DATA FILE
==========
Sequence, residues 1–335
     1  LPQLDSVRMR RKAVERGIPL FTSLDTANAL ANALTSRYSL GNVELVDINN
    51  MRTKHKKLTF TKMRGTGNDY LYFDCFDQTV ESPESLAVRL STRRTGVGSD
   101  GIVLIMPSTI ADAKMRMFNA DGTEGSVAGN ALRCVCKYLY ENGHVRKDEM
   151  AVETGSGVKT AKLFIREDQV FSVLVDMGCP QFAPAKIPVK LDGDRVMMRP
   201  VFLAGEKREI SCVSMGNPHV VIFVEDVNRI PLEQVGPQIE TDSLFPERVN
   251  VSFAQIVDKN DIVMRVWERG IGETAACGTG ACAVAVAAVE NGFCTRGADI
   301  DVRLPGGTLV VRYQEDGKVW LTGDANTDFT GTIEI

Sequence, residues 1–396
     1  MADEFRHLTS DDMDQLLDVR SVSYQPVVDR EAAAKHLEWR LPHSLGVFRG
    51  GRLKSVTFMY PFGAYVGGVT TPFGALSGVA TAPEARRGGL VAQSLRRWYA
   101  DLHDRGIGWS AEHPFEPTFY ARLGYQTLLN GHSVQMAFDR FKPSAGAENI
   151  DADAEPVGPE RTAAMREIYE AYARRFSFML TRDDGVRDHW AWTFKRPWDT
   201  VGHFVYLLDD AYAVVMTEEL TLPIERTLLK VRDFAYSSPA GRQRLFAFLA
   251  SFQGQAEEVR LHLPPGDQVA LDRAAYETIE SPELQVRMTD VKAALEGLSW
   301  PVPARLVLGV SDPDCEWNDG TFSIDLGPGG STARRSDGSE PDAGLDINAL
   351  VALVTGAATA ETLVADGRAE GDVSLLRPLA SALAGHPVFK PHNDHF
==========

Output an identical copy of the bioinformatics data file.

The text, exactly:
Sequence, residues 1–335
     1  LPQLDSVRMR RKAVERGIPL FTSLDTANAL ANALTSRYSL GNVELVDINN
    51  MRTKHKKLTF TKMRGTGNDY LYFDCFDQTV ESPESLAVRL STRRTGVGSD
   101  GIVLIMPSTI ADAKMRMFNA DGTEGSVAGN ALRCVCKYLY ENGHVRKDEM
   151  AVETGSGVKT AKLFIREDQV FSVLVDMGCP QFAPAKIPVK LDGDRVMMRP
   201  VFLAGEKREI SCVSMGNPHV VIFVEDVNRI PLEQVGPQIE TDSLFPERVN
   251  VSFAQIVDKN DIVMRVWERG IGETAACGTG ACAVAVAAVE NGFCTRGADI
   301  DVRLPGGTLV VRYQEDGKVW LTGDANTDFT GTIEI

Sequence, residues 1–396
     1  MADEFRHLTS DDMDQLLDVR SVSYQPVVDR EAAAKHLEWR LPHSLGVFRG
    51  GRLKSVTFMY PFGAYVGGVT TPFGALSGVA TAPEARRGGL VAQSLRRWYA
   101  DLHDRGIGWS AEHPFEPTFY ARLGYQTLLN GHSVQMAFDR FKPSAGAENI
   151  DADAEPVGPE RTAAMREIYE AYARRFSFML TRDDGVRDHW AWTFKRPWDT
   201  VGHFVYLLDD AYAVVMTEEL TLPIERTLLK VRDFAYSSPA GRQRLFAFLA
   251  SFQGQAEEVR LHLPPGDQVA LDRAAYETIE SPELQVRMTD VKAALEGLSW
   301  PVPARLVLGV SDPDCEWNDG TFSIDLGPGG STARRSDGSE PDAGLDINAL
   351  VALVTGAATA ETLVADGRAE GDVSLLRPLA SALAGHPVFK PHNDHF